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Southern comfort

  • Written by Ken Karrson

Crusaders keep momentum going vs. Irish

  As the southernmost school among Chicago Catholic League institutions, Bishop McNamara has frequently taken advantage of travel-weary opponents.
  A trip to Kankakee typically requires at least 90 minutes even for those schools closest to Bishop Mac geographically, which meant that Brother Rice had to avoid any bouts of fatigue if it wanted to have a realistic chance of subduing a decent Fightin’ Irish gridiron squad Friday night.
  Crusaders coach Brian Badke admitted that “Bishop Mac’s not an easy place to play,” but Rice had two big things going for it: momentum and something important for which to play. A record-setting victory over St. Joseph one week before had created the former, as it snapped a four-game Crusaders skid and kept them alive for a Class 8A playoff berth.


  And the latter fact is what Rice used as emotional fuel against Bishop Mac. While Badke felt his guys were a bit flat at the outset, the Crusaders quickly shifted into gear and went on to garner a 38-28 win that made this Friday’s Catholic League Blue showdown with longtime rival St. Rita bigger than usual.
  Rice (3-4) meets Providence Catholic next week in its regular-season finale.
  “We’ve got to win out, so we’ll see what happens,” Badke said. “Playing at home against St. Rita — what could be better? The key for me [right now] is our [younger] guys are really growing up and the seniors are really rallying [all] these guys.”
  As far as keys in beating the Irish, one of the most indisputable was the Crusaders’ ability to better protect the football. Rice’s offense did commit one turnover and its special teams had another, and both miscues eventually led to Bishop Mac points.
  But Crusaders quarterback Alex Alarcon was mistake-free while completing 18-of-24 passes for 169 yards and three touchdowns. The junior has struggled with interceptions this year, so this unquestionably ranked as one of his finest hours.
  “Alex played very well,” Badke said. “Not turning the ball over, we’re going to be in great shape. We could have won a couple [more] games [earlier] if we had played like this.”
  Also playing a pivotal role was junior running back Marcus Jones, who averaged nearly 11 yards per carry while accruing 250 rushing yards. Jones tallied on runs of 38 and 88 yards in the second half and helped Rice stretch a 17-14 halftime lead out to 38-14 before the Irish tacked on a couple cosmetic TDs in the late going.
  “Marcus had a breakout game,” Badke said. “He really came into his own.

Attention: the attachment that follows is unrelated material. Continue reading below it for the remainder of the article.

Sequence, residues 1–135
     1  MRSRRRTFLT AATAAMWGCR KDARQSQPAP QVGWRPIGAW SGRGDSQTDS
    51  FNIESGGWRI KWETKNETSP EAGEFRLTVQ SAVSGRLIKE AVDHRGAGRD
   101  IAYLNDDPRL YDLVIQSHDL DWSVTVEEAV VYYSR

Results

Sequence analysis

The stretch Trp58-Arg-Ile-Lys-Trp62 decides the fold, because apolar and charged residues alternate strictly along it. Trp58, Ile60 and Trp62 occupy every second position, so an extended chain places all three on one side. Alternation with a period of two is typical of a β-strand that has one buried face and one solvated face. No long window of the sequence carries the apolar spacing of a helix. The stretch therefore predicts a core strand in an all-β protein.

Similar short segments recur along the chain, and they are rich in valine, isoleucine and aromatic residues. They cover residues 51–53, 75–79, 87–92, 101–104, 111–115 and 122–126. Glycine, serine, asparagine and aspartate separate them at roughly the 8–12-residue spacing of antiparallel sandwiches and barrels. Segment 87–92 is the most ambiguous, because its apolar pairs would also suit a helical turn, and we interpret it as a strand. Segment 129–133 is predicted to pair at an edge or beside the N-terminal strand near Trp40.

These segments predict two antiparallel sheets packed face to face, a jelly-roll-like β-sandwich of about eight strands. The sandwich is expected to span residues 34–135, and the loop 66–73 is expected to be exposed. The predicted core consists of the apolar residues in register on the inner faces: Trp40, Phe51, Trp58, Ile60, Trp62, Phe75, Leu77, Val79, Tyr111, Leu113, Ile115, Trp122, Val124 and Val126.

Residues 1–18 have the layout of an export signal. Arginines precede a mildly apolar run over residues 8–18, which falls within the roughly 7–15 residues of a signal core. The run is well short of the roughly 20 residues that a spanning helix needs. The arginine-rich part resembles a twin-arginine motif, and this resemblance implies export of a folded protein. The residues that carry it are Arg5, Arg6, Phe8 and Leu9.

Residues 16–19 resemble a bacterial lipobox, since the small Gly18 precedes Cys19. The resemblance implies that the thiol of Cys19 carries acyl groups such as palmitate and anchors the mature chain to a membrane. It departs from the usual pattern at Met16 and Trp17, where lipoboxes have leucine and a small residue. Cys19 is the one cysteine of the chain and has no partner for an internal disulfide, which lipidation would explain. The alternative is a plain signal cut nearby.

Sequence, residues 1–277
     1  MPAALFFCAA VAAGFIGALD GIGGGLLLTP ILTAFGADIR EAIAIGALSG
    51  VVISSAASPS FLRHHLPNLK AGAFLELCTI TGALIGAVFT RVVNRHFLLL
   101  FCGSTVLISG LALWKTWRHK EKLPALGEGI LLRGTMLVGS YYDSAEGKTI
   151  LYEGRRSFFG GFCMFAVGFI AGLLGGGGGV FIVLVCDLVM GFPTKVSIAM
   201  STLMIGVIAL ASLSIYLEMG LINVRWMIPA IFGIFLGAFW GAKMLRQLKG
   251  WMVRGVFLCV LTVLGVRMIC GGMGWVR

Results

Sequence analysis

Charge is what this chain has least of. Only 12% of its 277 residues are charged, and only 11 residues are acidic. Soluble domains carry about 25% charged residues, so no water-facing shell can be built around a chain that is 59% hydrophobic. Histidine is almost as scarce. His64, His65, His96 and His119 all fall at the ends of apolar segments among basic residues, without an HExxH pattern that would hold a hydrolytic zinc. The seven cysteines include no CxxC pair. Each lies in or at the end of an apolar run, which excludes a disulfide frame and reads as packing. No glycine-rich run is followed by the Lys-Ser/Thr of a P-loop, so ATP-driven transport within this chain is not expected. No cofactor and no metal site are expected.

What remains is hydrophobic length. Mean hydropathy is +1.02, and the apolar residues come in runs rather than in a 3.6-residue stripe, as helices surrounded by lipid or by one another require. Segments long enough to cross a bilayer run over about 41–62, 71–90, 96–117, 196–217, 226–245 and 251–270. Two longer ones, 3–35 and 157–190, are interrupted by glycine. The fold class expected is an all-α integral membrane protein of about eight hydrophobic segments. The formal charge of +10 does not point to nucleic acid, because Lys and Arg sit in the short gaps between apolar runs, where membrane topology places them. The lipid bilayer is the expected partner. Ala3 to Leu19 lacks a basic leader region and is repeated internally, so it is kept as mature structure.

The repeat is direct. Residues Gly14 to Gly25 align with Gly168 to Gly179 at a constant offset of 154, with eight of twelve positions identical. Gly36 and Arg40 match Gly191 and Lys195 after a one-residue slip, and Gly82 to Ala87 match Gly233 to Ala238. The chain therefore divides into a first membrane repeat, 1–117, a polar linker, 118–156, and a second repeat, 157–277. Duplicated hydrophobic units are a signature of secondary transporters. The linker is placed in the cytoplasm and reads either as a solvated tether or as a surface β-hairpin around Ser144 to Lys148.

“The offensive line played very well in opening holes for him, and when Marcus gets to that second level, not too many people are going to catch him. He’s had some lingering injuries, but he’s an explosive runner.”
  Badke cited Jones’ shorter dash as a turning point in the contest. It occurred shortly after Andrew Dyke recovered Brian Kane’s onsides kickoff that opened the second half and enabled the visitors to build a 10-point edge.
  “That kind of deflated them,” Badke said of Bishop Mac. “Kane is one of our best players. He’s done a great job this year on kickoffs and field goals.
  “It wasn’t a last-minute decision, [but] something we prepared for. We saw some things on film we thought we could take advantage of, and I thought it was a great thing to do at that time.”
  Sandwiched between Jones’ two scoring bursts was a 12-yard touchdown catch by Luke Mueller. Mueller also hauled in a 7-yard TD toss from Alarcon in the first half, while Sal Perez brought his 9-yard grab into the Irish end zone to account for the Crusaders’ initial six-pointer of the game.
  Perez’s score came after Kane’s 29-yard first-period field goal and gave Rice a 10-7 lead. The home team inched back in front one last time on an 80-yard Jared Marcotte-to-Robbie Odeneal aerial strike, but Mueller’s first TD with 28 seconds left in the opening half regained the edge for the Crusaders once and for all.
  Rice tallied four times in a span of less than 18 minutes between the second and fourth quarters.
  Defensively, Bryan Boyd (six solo stops, four assists, fumble recovery) and Trea Pierce (six solos, one assist, one sack, interception) were the top performers. Also lending a hand for the Crusaders on that side of the ball were Robert Woods (five solos, two assists, one sack), Greg Bernier (five solos, one assist, blocked pass), Mike McGinley (five solos, one quarterback hurry), Dyke (four solos, four assists) and Julian Davis (four solos, three assists).
  Boyd’s recovery short-circuited an early Irish series that had brought them inside Rice’s 20-yard line. Bishop Mac was ahead 7-3 when the turnover took place.
  “They could have gone up by two scores, but they didn’t,” Badke said. “Then Marcus Jones really got going. It was a must-win [situation] and the kids responded.”

Statistics

Brother Rice    3    14    7    14 - 38
Bishop Mac    7    7    0    14 - 28

    BR    BM
First downs    20    17
Yds. rushing    285    149
Yds. passing    169    191
Total yds.    454    340
Att./comp.    24-18    14-8
Fumbles lost    2    1
Had intercepted    0    1
Penalties/yds.    8-65    8-65
Punts/avg.    3-37.0    2-41.5

Scoring
  BM — Jonathan Ward, 3-yd. run (Trevor Drazy kick)
  BR — Brian Kane, 29-yd. field goal
  BR — Sal Perez, 9-yd. pass from Alex Alarcon (Kane kick)
  BM — Robbie Odeneal, 80-yd. pass from Jared Marcotte (Drazy kick)
  BR — Luke Mueller, 7-yd. pass from Alarcon (Kane kick)
  BR — Marcus Jones, 38-yd. run (Kane kick)
  BR — Mueller, 12-yd. pass from Alarcon (Kane kick)
  BR — Jones, 88-yd. run (Kane kick)
  BM — Josh Ramirez, 4-yd. pass from Marcotte (Drazy kick)
  BM — Craig Butler, 40-yd. fumble return (Drazy kick)

Brother Rice Rushing: Jones 23-250, Alarcon 5-30, Smith 1-4, Desmond 2-1. Passing: Alarcon 24-18-169. Receiving: Mueller 7-77, Perez 6-50, Butler 4-33, Jones 1-9.